In graduate school I did my thesis on a figure who founded the school of Soto Zen Buddhism named Dogen. This leader was warned by his superiors to stay out of politics. Religion and politics became so intertwined in Japanese politics of the 12th century that the government actually moved the capital to avoid its influences. Those religions who exerted power on government tended to be persecuted, marginalized and generally gutted when the tide of politics turned.
This is something I've had in the back of my mind since the beginning of the Bush administration. You can have your religion in government, but tides turn, the view of your religion will rise and fall on your political fortunes. Expect backlash and potential ruin to follow. Now I think we're finally seeing some backlash against the evangelical movements involvement in politics. It mostly takes the secular form of greenbacks, dollars to Democrats.
Still, one poll reports that 53% of Americans wouldn't vote for a qualified presidential candidate who didn't believe in God (God with a big G). We're not a secular nation by any means. Nevertheless, Mitt Romney has annoyed a good number of people, myself included, with his indivisible declaration of church and state:
"Freedom requires religion just as religion requires freedom. Freedom opens the windows of the soul so that man can discover his most profound beliefs and commune with God. Freedom and religion endure together, or perish alone."What a bunch of crap. The highly secular democratic people of Europe would strongly disagree with this. Just because religion played an important role in our own country's founding doesn't make it true for everyone. The logic doesn't follow. It's like declaring that enduring freedom requires the wearing of powdered wigs, because our founding fathers were so inclined. And why do you think Europe is so secular today? It was the constant meddling of religion in politics. I think that's the fate of the US in years to come. Religion will be for old ladies with head scarves as everyone will know its societal perils.
I feel the level of annoyance and concern over religion in politics is beginning to rise. As an Economist article pointed out, there are roughly ten times as many atheists as their are Jews in this country. It's their lack of organization that keeps religion in politics alive. Nobody courts atheists, in fact, it's a dirty word in this country. I'm not claiming atheism is the answer and I don't mind religious holidays or Christmas decorations on public property, or other public acts of religion. The country is mostly Christian, I accept that. What concerns me is the crusade that Republicans find themselves on against their foes, both in their culture war and abroad. As one of my professors once told me, Buddhist-Christian dialog is open discussion to avoid the Christians from killing the Buddhists. You have to watch these people.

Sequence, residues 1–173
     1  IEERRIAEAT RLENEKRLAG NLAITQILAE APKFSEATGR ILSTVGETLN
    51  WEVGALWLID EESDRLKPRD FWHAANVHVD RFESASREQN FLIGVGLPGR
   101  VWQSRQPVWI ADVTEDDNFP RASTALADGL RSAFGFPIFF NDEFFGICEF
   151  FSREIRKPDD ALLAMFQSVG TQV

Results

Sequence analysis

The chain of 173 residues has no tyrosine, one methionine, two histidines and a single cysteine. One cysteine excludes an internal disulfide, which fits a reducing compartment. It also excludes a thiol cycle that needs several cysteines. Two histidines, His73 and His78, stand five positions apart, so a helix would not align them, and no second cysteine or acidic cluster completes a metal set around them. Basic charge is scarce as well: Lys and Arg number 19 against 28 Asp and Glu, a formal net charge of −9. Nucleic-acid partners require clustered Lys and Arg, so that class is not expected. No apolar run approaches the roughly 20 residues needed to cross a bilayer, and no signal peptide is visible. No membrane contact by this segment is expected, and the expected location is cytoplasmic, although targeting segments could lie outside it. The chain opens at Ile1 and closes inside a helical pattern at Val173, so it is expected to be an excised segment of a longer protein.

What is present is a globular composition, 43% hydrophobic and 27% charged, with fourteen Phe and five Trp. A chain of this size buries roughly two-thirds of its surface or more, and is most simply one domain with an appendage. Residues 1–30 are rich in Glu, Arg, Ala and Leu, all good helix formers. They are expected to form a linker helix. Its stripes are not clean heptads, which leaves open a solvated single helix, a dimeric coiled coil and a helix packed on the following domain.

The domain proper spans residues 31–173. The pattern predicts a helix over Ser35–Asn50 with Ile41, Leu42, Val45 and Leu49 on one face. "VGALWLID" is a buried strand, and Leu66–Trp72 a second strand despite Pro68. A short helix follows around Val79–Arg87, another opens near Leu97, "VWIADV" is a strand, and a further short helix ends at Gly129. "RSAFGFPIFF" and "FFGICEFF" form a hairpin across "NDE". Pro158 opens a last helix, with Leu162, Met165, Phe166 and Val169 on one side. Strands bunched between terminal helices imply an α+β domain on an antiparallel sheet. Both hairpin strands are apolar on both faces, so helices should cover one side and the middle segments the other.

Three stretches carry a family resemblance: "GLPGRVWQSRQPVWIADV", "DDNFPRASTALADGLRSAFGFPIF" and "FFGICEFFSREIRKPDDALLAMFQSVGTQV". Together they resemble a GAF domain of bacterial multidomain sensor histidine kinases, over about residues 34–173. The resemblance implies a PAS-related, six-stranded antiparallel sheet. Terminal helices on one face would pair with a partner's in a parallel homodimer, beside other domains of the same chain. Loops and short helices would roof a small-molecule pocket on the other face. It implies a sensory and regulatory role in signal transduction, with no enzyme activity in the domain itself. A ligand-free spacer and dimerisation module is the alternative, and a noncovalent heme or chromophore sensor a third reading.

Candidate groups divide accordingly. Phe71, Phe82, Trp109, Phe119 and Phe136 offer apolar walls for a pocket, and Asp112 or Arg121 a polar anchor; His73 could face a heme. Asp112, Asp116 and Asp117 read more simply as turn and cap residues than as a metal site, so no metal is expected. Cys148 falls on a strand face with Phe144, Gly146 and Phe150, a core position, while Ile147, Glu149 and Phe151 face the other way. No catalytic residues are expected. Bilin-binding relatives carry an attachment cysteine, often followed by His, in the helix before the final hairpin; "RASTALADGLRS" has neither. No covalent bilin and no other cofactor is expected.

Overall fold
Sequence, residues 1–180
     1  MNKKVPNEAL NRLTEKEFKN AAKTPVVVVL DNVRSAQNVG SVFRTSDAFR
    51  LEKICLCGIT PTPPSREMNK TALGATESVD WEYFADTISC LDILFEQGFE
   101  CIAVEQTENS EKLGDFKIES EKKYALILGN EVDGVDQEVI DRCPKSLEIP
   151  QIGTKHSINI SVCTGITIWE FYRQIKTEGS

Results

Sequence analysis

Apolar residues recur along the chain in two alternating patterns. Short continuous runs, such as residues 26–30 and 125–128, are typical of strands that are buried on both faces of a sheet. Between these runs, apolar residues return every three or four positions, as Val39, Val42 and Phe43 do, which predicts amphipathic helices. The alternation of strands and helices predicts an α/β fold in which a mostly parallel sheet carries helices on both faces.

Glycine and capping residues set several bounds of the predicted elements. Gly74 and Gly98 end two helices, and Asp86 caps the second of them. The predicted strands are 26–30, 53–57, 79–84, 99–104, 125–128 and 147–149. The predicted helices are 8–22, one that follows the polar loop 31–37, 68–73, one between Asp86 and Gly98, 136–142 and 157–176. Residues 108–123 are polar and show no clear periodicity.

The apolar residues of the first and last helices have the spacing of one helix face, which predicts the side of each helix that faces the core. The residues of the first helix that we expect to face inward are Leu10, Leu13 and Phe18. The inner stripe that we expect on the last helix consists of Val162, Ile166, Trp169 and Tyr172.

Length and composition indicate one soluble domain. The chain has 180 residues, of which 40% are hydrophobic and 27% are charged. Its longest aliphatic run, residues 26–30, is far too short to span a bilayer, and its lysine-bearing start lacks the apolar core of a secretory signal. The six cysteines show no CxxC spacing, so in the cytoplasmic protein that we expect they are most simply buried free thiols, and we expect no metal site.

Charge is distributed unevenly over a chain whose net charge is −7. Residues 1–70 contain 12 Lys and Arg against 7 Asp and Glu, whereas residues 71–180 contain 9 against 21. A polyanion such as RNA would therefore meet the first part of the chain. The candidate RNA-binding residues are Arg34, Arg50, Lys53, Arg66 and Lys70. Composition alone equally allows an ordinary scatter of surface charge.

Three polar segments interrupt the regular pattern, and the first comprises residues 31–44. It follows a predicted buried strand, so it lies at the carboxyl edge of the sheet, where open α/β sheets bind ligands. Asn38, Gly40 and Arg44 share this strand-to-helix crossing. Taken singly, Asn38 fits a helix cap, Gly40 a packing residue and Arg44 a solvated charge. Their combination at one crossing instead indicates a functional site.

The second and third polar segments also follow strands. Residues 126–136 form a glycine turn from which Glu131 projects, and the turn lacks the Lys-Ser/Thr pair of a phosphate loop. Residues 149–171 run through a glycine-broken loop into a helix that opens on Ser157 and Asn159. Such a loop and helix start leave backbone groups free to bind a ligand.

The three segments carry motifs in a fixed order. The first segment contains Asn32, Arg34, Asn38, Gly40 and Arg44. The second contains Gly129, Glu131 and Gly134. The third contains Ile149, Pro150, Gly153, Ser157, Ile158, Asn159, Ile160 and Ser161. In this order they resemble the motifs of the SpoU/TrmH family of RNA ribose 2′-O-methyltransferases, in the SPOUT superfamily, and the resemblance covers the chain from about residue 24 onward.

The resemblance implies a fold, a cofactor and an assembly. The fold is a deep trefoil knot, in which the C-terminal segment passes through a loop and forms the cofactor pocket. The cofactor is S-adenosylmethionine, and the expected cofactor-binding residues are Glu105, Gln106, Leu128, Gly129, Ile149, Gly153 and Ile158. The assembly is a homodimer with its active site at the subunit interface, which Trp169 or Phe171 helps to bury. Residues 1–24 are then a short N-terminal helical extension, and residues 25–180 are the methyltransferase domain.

Perhaps the Republicans know their time is over for a while, so they pander to their base, knowing they have no chance of being elected this time. Democrats aren't exactly seizing the day, however. Rather than taking a strong stand for a separation of religion and politics, the Democrats have cleverly moved to the religious center, even holding a debate on their own religiosity. I would hope that they could instead shine the light of reason and common sense on the acts of an administration that seems to lack both. Then again, that 53% number keeps popping into my mind. People get the government they deserve in a democracy, according to Tocqueville. Unfortunately, individuals are smart and reasoned, while people are idiots.